Which Packaging Machine Should I Purchase First?

Which Packaging Machine Should I Purchase First?

In an ideal world, a packaging facility would simply move from manual production to semi-automatic production to a fully automated packaging line as their production warranted.  In our less than ideal real world, however, budgets will often preclude such moves.  A number of packagers will slowly become automated over time, as their business and demand for their product grows.  

Replacing components of a packaging line with automated packaging machinery offers added efficiency, but how does a packager know which machines to replace and when?  This question will be answered on a case-by-case basis and will depend on how a product is currently packed.  While there are situations where reasons exist for rinsing machines, capping machines or even labelers to be the first automated machine, as a general rule, the liquid filler may be the best place to start.

In order to explain why the filling machine is normally the best place to start automating machinery, let's quickly examine a typical manual or semi-automatic packaging system.  Without automatic machinery, each station of the packaging line will require an operator or operators.  Manual labor will be used even on semi-automatic packaging machines.  Operators will be used to place unrinsed bottles on rinsing nozzles, position containers under the filling machine, position and possibly tighten bottles and caps on the capping machine and place and remove containers on the labeling equipment.  In some cases, a single operator will move through the semi-automatic system with one or a few bottles at a time, completing the necessary tasks at each station.  For obvious reasons, this is not the most efficient packaging process, but will work where production levels are on the low side.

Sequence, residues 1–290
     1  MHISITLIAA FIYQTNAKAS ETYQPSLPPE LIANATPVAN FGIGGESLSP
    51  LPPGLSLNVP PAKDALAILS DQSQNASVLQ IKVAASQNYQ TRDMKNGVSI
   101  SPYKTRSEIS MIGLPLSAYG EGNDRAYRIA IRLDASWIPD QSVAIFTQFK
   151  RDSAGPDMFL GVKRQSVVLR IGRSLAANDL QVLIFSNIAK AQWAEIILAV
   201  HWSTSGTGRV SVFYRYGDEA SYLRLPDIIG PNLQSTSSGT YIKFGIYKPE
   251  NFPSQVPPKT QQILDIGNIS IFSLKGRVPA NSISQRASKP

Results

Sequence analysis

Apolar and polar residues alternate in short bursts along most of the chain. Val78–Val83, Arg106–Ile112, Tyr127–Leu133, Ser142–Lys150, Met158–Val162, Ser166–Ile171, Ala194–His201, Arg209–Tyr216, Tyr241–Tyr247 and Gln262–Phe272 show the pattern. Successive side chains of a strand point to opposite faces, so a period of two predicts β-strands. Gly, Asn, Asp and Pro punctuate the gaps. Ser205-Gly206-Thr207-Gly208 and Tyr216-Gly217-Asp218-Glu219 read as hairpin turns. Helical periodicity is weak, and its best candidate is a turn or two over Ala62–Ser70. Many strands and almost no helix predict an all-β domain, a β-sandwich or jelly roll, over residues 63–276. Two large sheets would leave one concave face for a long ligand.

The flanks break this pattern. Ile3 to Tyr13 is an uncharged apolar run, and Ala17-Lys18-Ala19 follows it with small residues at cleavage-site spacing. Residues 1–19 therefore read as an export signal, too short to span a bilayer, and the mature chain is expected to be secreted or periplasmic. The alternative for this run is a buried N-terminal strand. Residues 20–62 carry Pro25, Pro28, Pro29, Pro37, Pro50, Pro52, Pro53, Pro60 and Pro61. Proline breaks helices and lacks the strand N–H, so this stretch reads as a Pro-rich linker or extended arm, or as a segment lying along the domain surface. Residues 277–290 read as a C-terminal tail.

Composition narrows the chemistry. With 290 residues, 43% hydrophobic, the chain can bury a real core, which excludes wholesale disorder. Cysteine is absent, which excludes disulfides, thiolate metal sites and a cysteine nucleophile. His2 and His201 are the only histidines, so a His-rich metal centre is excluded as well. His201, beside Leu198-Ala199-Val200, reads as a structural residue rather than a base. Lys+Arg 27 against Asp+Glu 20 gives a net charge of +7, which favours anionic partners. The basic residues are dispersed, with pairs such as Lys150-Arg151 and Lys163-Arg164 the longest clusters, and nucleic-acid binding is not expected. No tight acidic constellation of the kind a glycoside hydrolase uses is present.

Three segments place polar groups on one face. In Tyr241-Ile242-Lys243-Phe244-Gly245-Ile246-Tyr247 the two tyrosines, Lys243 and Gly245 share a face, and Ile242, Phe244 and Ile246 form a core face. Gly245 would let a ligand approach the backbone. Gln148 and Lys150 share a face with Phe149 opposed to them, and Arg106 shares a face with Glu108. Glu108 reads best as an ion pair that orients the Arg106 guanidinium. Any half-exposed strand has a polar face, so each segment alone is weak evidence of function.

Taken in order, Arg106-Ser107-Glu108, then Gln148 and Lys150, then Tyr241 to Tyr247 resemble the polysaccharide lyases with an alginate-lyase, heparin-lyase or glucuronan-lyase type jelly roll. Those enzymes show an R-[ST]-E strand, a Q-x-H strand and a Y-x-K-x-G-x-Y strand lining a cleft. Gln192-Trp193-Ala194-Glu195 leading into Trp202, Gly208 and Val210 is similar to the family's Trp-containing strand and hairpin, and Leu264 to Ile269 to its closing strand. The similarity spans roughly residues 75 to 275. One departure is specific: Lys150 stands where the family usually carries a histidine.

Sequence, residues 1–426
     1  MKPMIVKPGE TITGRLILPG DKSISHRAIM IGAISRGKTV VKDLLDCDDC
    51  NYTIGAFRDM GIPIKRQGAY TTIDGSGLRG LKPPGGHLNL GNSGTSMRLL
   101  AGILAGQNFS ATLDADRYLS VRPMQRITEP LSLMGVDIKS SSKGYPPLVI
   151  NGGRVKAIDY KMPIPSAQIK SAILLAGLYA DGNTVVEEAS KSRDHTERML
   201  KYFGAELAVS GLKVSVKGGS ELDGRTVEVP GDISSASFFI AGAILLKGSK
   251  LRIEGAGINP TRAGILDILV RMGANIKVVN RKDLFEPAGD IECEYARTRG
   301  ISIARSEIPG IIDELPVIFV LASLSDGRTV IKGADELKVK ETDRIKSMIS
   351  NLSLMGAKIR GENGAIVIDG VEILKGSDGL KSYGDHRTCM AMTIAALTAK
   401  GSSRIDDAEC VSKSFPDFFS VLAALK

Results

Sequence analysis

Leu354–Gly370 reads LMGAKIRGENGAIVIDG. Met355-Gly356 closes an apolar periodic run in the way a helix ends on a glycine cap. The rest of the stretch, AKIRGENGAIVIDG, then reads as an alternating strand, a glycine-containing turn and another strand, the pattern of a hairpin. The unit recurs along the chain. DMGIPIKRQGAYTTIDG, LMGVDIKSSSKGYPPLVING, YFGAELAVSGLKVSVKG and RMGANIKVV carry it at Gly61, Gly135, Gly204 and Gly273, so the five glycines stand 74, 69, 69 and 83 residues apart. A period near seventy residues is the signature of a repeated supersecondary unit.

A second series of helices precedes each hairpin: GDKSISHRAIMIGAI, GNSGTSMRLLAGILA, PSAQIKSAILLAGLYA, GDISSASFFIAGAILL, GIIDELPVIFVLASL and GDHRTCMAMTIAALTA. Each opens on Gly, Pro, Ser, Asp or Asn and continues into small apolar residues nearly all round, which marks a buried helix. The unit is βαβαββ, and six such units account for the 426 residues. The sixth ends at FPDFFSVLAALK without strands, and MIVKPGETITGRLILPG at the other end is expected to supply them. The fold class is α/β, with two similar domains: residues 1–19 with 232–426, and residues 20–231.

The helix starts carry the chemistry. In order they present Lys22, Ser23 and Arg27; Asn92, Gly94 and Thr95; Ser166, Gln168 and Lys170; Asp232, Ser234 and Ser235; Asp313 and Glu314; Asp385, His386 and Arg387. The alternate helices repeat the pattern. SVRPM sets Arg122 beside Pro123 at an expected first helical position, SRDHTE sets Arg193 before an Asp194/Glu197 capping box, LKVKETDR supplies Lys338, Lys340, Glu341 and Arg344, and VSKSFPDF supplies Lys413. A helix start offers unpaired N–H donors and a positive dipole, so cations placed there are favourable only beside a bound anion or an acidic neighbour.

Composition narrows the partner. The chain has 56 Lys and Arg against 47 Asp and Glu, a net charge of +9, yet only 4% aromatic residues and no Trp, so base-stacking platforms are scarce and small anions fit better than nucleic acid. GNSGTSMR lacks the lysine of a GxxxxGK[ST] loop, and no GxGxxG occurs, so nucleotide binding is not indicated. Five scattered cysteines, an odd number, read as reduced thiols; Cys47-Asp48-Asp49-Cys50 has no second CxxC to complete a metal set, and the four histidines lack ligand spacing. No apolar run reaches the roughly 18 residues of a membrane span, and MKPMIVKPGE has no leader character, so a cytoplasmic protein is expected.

If we take a packaging line like the one described above and automate the capper or labeler first, we actually limit the ability of these automatic packaging machines.  By leaving our manual labor on the rinser or filler, we allow the operators to dictate the speed of the automatic capping machine and/or automatic labeling machine.  The capper and labeler will only go as fast as the operators can rinse and fill.  So, though these machines may one day reach their potential once the entire line has been automated, the immediate added efficiency may be limited.

As for the container cleaning equipment, not every packaging line will even require such a machine.  But where they are required, using labor to load bottles into the rinser is akin to loading bottles onto a turntable or conveyor on an automated packaging system.  Semi-automatic machines may still be able to deliver cleaned containers to a filling machine via a power conveyor and the semi-automatic rinser can double as a loading apparatus for the line.  Again, an automatic rinsing machine may add efficiency even where the other machinery is not automated, but the efficiency would be limited.

By automating the filling machine, the line is driven by the automatic equipment.  Manual labor at the capping or labeling station will not be held up by the speed of the filling machine.  If anything, the increased speed of the filling machine will keep the operators busy throughout an entire production shift.  The automatic filler might be limited by the loading of bottles on a rinsing machine, if one is used on the line, but even in this situation, the immediate added efficiency to the packaging line far outweighs the immediate efficiency gained by first automating any of the other machinery.

Again, certain packaging projects or unique situations may not fit this general rule.  If capping is difficult and inconsistent, an automatic capping machine can add reliability, with efficiency to follow at a later date.  If labels are being applied wrinkled or uneven, efficiency may take a back set to aesthetics, keeping in mind that a label is an introduction to the product.  Each packaging line should be analyzed to find the best place to start the automation process.  The analysis should focus on the ability of the automated machinery to immediately add efficiency, reliability or any other desired trait to the packaging process.